Adobe Systems has announced that Hearst Magazines, one of the world’s largest magazine publishers with 18 U.S. titles and more than 137 international editions, has adopted the Adobe(R) Creative Suite, which includes Adobe InDesign(R) CS software, as its standard publishing solution. A color-managed, all-digital internal prepress and publishing workflow based on the Adobe InDesign CS and Adobe Portable Document Format (PDF) has resulted in reduced design and production time, quality enhancements, and substantial cost savings for Hearst, which has moved five of its top titles — include Cosmopolitan, Popular Mechanics, Marie Claire, House Beautiful and Shop Etc., a new monthly magazine that will hit newsstands in August 2004 — to a new workflow based on Adobe’s publishing platform. The company expects to convert its remaining titles by 2005.
‘Hearst Magazines is a publishing innovator, with some of the world’s most recognized and respected magazine brands,’ said Jim Heeger, senior vice president of Creative Professional products at Adobe. ‘We’ve worked closely with the Hearst team to ensure that the Adobe Creative Suite — which includes InDesign CS for layout and design — does justice to the household-name titles that now rely on Adobe technology.’
‘In addition to implementing a color-managed workflow and bringing prepress in-house, Hearst Magazines is leveraging the capabilities of Adobe PDF and InDesign CS to become more competitive,’ said Ellen Payne, director of editorial operations for Hearst Magazines. ‘Moving to InDesign CS has made it easier for our magazines to do their own prepress. We are saving significant amounts of time and money in design and production, while enhancing the quality of our magazine titles — making them even more enjoyable for our readers.’
Hearst needed a system that would allow designers to work with high-resolution images and artwork in layouts and at the same time offer a smoother transition to an all-digital PDF workflow. Designers and production staff needed to view accurately effects such as drop shadows and transparency in page layouts on their computer screens. Using the previous system, designers had to send files to a prepress service provider to create effects and send back proofs, a costly process that caused several days of delay and encroached on designers’ ability to make timely creative decisions. When magazine publishers like Hearst engage the services of a prepress vendor for production of each monthly issue, expenses can mount to millions of dollars each year, a cost that can be dramatically reduced by enabling designers to view and edit effects on their computer displays and by bringing other prepress processes in-house.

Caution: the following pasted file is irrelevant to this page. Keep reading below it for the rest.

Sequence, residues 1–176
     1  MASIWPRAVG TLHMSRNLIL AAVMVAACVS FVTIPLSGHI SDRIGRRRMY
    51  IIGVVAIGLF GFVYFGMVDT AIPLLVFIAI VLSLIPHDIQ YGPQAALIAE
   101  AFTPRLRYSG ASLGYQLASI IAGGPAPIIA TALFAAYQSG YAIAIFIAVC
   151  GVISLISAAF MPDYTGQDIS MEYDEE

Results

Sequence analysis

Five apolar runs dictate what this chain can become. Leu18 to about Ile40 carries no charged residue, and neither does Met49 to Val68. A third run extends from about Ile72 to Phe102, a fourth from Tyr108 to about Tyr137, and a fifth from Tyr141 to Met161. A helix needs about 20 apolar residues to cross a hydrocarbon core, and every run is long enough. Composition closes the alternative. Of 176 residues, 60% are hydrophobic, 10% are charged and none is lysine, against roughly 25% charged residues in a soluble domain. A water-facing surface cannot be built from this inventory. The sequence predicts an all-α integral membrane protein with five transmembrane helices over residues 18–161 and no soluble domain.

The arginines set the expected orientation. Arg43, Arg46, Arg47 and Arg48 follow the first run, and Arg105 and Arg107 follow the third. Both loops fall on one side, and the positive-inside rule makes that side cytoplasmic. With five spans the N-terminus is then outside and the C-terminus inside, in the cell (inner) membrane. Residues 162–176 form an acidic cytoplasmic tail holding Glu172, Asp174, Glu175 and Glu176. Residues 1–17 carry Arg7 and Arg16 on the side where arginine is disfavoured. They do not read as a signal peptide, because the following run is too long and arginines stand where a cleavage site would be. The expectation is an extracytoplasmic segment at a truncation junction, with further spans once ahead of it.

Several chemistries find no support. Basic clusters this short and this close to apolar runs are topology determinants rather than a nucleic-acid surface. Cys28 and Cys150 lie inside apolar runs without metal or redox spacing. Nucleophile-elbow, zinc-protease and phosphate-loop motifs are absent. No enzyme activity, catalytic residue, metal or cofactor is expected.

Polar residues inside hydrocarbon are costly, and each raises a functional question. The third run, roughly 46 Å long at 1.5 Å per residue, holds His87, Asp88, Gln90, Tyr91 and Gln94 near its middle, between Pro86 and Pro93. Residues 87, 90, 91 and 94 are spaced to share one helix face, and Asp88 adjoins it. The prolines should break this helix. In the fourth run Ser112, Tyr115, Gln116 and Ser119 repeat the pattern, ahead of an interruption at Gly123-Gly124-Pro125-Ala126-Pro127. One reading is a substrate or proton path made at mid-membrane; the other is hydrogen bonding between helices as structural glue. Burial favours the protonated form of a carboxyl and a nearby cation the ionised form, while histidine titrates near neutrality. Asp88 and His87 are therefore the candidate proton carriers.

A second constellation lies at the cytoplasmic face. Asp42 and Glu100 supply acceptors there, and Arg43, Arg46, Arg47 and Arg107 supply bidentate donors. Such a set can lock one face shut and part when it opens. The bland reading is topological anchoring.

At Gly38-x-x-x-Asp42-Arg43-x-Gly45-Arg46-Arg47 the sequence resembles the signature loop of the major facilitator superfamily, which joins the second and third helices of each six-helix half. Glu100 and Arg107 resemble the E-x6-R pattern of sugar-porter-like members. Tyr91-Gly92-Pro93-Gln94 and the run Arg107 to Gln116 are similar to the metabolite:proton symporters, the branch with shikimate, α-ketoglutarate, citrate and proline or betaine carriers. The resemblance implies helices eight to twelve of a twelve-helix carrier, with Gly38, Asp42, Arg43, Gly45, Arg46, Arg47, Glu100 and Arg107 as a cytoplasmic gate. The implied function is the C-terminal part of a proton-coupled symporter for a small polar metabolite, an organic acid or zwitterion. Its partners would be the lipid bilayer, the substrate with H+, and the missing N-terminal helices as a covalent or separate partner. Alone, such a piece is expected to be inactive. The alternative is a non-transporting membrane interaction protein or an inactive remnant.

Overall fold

The new system using InDesign CS is streamlining design and production at Hearst Magazines. The software provides smooth integration with Adobe PDF, enabling the company to transition to a completely digital prepress and publishing workflow. Integration among Adobe Creative Suite components — Adobe Illustrator(R) CS, Photoshop(R) CS, and InDesign CS — allows designers to combine high-resolution artwork and images and other elements of a magazine page more efficiently. They can use InDesign CS to create effects with greater control and view the effects on-screen as they will appear in print. Because designers have more control over effects, there are fewer errors and page designs print as designers intended.
At the same time that designers are creating pages, imaging specialists at Hearst are scanning, correcting color, and retouching photos. Production staff then creates an Adobe PDF file and prints a contract proof. By converting magazine layouts to Adobe PDF, Hearst can ensure that fonts, colors, image formats, and print settings within the file are correct, reducing printing errors. Once a contract proof is created and approved, pre-media specialists validate the Adobe PDF file and deliver it to the printer for output. Due to the integration with Adobe PDF and Adobe Creative Suite, Hearst is realizing efficiency gains across its workflow, starting with the generation of initial layouts and finishing with final output.